We develop new AI methods to address challenging problems in Biology.

Deep learning for Top-Down Mass-Spectral Deconvolution

Abstract: Top-down mass spectrometry has become the main method for intact proteoform identification, characterization, and quantitation. Because of the complexity of top-down mass spectrometry data, spectral deconvolution is an indispensable step in spectral data analysis, which groups spectral peaks into isotopic envelopes and extracts monoisotopic masses of precursor or fragment ions. The performance of spectral deconvolution methods relies heavily on their scoring functions, which distinguish correct envelopes from incorrect ones. A good scoring function increases the accuracy of deconvoluted masses reported from mass spectra. In this paper, we present EnvCNN, a convolutional neural network-based model for evaluating isotopic envelopes. We show that the model outperforms other scoring functions in distinguishing correct envelopes from incorrect ones and that it increases the number of identifications and improves the statistical significance of identifications in top-down spectral interpretation.

Abdul Rehman Basharat, Xia Ning, and Xiaowen Liu. EnvCNN: A Convolutional Neural Network Model for Evaluating Isotopic Envelopes in Top-Down Mass-spectral Deconvolution. Analytical Chemistry, 92(11):7778–7785, May 2020. PMID: 32356965.

Ranking-based Convolutional Neural Network Models for Peptide-MHC Class I Binding Prediction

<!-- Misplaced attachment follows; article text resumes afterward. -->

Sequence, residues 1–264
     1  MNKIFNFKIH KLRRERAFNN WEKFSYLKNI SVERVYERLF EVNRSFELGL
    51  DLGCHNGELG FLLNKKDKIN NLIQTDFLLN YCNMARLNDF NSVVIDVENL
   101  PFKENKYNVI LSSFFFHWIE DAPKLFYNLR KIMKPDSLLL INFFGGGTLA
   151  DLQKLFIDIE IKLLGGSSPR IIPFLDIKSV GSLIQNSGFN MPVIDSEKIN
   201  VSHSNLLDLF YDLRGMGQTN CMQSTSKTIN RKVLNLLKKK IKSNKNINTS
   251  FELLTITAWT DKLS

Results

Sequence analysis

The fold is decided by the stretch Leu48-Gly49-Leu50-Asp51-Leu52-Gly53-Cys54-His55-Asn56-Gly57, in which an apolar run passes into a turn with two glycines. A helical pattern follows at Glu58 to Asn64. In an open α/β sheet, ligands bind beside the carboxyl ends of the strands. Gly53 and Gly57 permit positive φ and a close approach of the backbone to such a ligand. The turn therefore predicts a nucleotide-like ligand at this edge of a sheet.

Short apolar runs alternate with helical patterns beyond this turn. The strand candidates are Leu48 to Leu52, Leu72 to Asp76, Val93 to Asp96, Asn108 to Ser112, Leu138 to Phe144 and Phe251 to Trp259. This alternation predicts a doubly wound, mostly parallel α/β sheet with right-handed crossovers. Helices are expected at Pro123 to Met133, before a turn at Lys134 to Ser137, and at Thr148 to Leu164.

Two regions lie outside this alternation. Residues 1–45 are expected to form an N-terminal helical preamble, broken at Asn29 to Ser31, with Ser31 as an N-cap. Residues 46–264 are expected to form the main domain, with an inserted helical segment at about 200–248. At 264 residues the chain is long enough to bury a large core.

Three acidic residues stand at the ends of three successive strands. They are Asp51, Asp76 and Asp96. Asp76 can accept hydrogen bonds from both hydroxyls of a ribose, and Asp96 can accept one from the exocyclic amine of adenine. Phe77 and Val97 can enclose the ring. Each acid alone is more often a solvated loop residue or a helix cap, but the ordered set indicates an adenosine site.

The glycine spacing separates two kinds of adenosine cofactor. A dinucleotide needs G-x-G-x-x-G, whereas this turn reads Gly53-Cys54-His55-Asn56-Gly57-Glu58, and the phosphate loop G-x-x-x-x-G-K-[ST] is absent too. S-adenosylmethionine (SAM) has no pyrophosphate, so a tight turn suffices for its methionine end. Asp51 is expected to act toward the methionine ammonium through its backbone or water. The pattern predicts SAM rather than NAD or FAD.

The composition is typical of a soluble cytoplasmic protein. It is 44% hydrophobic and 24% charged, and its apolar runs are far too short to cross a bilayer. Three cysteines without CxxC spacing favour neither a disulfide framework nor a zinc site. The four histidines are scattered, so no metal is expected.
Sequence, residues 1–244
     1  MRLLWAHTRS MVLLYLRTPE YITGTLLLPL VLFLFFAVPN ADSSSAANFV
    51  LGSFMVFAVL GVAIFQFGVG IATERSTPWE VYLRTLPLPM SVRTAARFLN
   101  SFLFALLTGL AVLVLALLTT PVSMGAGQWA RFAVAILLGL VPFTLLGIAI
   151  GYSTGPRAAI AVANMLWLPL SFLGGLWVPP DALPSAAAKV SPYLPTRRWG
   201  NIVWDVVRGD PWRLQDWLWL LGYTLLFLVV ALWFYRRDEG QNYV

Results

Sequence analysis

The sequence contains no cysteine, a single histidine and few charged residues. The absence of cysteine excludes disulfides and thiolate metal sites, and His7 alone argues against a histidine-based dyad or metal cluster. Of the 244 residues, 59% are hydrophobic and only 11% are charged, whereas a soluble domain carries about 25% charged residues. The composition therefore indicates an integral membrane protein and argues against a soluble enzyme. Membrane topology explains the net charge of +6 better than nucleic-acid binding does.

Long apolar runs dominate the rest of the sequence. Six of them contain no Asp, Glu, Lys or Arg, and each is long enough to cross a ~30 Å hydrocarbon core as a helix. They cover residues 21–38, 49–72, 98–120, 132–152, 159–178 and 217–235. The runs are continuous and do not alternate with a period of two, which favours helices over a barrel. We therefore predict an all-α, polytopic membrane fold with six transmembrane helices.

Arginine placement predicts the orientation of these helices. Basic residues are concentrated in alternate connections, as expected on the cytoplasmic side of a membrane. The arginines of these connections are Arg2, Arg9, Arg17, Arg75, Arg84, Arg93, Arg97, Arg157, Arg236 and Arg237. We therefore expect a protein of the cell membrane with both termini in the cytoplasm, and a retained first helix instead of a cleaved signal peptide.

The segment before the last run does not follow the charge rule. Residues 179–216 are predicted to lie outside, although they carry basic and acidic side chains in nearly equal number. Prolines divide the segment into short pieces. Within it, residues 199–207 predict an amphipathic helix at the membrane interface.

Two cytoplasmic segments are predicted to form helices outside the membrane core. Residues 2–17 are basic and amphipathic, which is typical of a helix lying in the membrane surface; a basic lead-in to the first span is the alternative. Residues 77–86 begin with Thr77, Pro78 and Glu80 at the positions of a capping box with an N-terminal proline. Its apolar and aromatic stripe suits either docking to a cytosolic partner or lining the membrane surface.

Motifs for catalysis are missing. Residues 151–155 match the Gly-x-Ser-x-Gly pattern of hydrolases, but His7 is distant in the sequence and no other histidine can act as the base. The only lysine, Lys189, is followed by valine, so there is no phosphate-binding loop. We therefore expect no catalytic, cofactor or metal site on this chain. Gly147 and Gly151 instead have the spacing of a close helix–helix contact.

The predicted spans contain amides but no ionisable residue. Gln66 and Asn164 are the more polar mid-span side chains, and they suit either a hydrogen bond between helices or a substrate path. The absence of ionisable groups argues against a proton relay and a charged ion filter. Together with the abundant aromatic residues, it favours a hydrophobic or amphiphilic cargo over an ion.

Abstract: T-cell receptors can recognize foreign peptides bound to major histocompatibility complex (MHC) class-I proteins, and thus trigger the adaptive immune response. Therefore, identifying peptides that can bind to MHC class-I molecules plays a vital role in the design of peptide vaccines. Many computational methods, for example, the state-of-the art allele-specific method MHCflurry , have been developed to predict the binding affinities between peptides and MHC molecules. In this manuscript, we develop two allele-specific Convolutional Neural Network-based methods named ConvM  and SpConvM  to tackle the binding prediction problem. Specifi cally, we formulate the problem as to optimize the rankings of peptide-MHC bindings via ranking-based learning objectives. Such optimization is more robust and tolerant to the measurement inaccuracy of binding affinities, and therefore enables more accurate prioritization of binding peptides. In addition, we develop a new position encoding method in ConvM  and SpConvM  to better identify the most important amino acids for the binding events. We conduct a comprehensive set of experiments using the latest Immune Epitope Database (IEDB) datasets. Our experimental results demonstrate that our models signifi cantly outperform the state-of-the-art methods including MHCflurry  with an average percentage improvement of 6.70% on AUC and 17.10% on ROC5 across 128 alleles.